Your taxes and insurance are 100% determined by the exact home you choose.  We typically estimate 1% of the loan amount for property taxes and insurance as a general rule.  This can vary as we will discuss below. 

Property Taxes

Your property taxes are the amount of taxes each year that you will owe to the parish or county. Most tax assessors will have an online website where you can see the milage rates and use your pre-approved amount as an estimate. 

The amount of taxes collected upfront as part of your closing costs varies but it’s usually 3-6 months of the annual tax amount. 

Guide to Louisiana Property Taxes

Louisiana Homestead Exemption

Property Insurance

As we were discussing above insurance rates are a lot like mortgage interest rates. These premiums vary based on several factors such as: 

  • Your credit score
  • Age of the home
  • Claim History
  • Location 
  • Age of Roof
  • Age of HVAC and Plumbing 
  • The overall condition of the home 

Older homes, those located near the coast, or in known natural disaster areas will often come with a higher cost. 

Flood Insurance 

Flood insurance is often backed by the federal government.  The National Flood Insurance Program by FEMA provides insurance to help reduce the socio-economic impact of floods. This program ensures that most homes located in a flood zone can receive coverage. 

Location and Elevation or the two biggest factors in flood insurance premiums. The lower a home sits to the base flood elevation, the higher the premium will be. 

The location also determines the flood zone. Contrary to popular opinion, ALL homes are located in a flood zone, but not all homes require flood insurance from the lender. 

We’ve seen flood insurance range from $300 per year to $10,000. Typically the only way to get a true number is to get an elevation certificate and have a local agent quote it. 

Understanding Mortgage Closing Cost Estimates 

When you are working with a lender to get pre-approved and to purchase a home, you will be provided with three different documents. 

The Fee Worksheet

The first document you are likely to see from your lender is a fee worksheet. This is a document the lender will share with you while you are still shopping for a home. 

The fee worksheet will provide you with an estimated interest rate, mortgage payment, down payment and closing costs. This is to give you a rough idea of what your costs will be. 

Once you find a property your lender should provide you with another document called the Loan Estimate.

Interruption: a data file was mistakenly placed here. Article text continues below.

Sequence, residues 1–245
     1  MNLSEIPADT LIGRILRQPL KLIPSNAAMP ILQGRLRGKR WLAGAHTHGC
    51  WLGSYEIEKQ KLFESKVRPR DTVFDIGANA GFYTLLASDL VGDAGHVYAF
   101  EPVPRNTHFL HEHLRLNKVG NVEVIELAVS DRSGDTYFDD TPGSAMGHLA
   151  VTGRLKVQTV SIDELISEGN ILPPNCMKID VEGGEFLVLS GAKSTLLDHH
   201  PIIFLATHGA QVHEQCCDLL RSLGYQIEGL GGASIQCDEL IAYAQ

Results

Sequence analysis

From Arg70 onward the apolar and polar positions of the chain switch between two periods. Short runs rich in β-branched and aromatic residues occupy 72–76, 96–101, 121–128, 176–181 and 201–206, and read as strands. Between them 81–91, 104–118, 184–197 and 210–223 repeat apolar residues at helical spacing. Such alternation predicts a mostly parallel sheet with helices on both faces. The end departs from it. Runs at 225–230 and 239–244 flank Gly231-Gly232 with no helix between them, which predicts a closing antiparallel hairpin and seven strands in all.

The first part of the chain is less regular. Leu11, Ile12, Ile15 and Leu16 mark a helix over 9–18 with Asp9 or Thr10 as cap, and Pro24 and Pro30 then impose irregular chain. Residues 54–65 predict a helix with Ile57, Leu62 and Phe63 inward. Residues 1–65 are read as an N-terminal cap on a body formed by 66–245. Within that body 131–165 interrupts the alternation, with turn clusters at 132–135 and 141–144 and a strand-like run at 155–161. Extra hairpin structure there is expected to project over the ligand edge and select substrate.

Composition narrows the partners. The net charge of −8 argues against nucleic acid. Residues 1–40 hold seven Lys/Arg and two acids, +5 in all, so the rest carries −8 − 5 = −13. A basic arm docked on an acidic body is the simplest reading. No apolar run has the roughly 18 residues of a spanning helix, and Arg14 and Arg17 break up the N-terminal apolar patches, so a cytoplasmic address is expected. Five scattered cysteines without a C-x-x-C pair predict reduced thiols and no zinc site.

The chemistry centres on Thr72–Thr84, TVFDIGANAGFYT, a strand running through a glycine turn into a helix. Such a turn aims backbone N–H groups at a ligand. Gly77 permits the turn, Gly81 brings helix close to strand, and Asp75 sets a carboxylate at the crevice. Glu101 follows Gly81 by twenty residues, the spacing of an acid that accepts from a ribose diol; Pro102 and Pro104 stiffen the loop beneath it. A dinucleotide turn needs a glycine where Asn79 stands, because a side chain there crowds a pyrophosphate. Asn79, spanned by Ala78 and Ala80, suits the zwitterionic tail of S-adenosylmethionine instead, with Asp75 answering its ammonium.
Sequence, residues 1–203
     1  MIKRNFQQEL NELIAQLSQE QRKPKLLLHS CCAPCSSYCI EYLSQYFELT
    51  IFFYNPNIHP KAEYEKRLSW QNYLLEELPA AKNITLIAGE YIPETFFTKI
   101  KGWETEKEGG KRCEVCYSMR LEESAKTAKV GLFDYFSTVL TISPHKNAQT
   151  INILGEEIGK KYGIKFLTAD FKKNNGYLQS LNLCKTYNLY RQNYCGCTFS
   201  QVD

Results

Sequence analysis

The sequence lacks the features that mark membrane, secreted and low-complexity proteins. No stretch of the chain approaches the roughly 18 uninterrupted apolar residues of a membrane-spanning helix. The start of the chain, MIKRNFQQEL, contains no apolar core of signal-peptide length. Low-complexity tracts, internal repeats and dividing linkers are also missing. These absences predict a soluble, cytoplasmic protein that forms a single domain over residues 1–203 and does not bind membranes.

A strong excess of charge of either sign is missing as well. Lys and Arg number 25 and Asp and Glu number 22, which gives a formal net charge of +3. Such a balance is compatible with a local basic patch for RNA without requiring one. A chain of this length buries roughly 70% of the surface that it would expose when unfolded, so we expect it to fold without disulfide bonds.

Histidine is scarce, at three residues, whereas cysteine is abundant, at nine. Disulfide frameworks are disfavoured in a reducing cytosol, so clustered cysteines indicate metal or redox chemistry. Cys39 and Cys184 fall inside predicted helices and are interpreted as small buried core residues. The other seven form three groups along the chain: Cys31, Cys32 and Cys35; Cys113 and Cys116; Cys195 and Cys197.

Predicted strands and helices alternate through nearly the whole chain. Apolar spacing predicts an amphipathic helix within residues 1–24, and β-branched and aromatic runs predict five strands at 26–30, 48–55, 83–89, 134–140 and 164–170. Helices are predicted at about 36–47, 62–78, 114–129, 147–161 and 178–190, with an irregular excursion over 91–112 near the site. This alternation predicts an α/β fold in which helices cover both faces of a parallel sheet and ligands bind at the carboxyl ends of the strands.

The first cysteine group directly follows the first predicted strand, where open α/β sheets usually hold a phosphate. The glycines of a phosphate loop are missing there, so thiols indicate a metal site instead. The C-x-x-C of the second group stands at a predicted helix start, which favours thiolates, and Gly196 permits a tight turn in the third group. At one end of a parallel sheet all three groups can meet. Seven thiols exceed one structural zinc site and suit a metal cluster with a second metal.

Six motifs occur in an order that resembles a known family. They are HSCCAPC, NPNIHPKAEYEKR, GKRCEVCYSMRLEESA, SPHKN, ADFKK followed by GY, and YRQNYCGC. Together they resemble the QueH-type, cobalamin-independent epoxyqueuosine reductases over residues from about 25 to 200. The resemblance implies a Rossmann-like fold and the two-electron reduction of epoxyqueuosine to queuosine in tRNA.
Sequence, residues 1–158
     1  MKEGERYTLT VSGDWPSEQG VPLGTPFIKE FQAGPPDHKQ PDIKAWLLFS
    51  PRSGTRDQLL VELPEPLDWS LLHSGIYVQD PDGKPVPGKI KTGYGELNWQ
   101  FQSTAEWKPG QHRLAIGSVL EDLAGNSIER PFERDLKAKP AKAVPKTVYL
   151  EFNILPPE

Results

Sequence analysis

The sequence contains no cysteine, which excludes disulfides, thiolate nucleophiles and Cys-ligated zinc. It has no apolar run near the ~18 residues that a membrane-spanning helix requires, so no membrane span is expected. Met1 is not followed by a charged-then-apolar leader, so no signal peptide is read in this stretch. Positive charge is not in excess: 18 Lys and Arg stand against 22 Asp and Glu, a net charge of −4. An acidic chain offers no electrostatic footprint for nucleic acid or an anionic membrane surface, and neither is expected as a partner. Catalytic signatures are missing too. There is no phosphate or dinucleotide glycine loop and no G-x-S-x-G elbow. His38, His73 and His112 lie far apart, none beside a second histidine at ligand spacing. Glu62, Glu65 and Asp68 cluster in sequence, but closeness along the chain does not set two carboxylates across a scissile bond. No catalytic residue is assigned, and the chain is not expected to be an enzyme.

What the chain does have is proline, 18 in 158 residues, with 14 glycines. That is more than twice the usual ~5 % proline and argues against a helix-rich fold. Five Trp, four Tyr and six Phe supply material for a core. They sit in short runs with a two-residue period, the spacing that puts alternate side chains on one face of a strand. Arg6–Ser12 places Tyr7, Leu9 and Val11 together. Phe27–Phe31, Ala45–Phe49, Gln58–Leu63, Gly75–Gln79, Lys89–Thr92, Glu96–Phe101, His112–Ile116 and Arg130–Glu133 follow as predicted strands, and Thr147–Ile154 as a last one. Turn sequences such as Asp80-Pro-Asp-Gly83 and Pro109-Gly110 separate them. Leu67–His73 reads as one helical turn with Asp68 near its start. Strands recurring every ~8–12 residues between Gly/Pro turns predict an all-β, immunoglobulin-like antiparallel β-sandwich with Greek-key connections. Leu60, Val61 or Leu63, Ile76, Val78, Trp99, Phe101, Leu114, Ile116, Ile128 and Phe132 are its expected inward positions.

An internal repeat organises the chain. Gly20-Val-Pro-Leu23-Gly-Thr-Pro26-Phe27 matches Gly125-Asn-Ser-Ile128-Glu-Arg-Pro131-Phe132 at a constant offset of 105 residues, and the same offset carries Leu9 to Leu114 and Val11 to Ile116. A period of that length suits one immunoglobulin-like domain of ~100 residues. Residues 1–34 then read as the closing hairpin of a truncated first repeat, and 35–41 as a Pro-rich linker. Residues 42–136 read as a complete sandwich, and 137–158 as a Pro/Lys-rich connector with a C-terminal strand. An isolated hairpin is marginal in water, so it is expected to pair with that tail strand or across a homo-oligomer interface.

The Loan Estimate

Closing Costs Loan Estimate

This document has all the same fees as the fee worksheet and should follow a similar format but it’s an official document. Your lender must provide this to you within 3 days of you going under contract on a home. 

In addition to what’s listed in the fee worksheet, you will see if your interest rate is locked or not. 

It’s important to remember that this document is an estimate, but the lender should work very hard to make sure the final numbers come in close to what’s listed here. 

This document has all the same fees as the fee worksheet and should follow a similar format but it’s an official document. Your lender must provide this to you within 3 days of you going under contract on a home. 

In addition to what’s listed in the fee worksheet, you will see if your interest rate is locked or not. 

It’s important to remember that this document is an estimate, but the lender should work very hard to make sure the final numbers come in close to what’s listed here. 

The Closing Disclosure 

Finally, three days before you close your lender will provide you with a document called the Closing Disclosure. The format is very similar to your loan estimate but will be more in-depth on fees, taxes, and other items. 

As you can probably tell, there are a lot of fees involved with buying a home. Preparing yourself for these costs will help you to set the right expectations and prepare your budget.   

Also if looking at all of this has made you feel overwhelmed you are not alone. This is where we can really shine.

When you work with Bayou Mortgage we can help you put the plan together you need in order to own the perfect home. 

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About The Author

Channing Moore

Channing is the owner of Bayou Mortgage. He is passionate about empowering people through education and training to own a home. In his spare time you can catch him at church, reading a book or working on his latest project.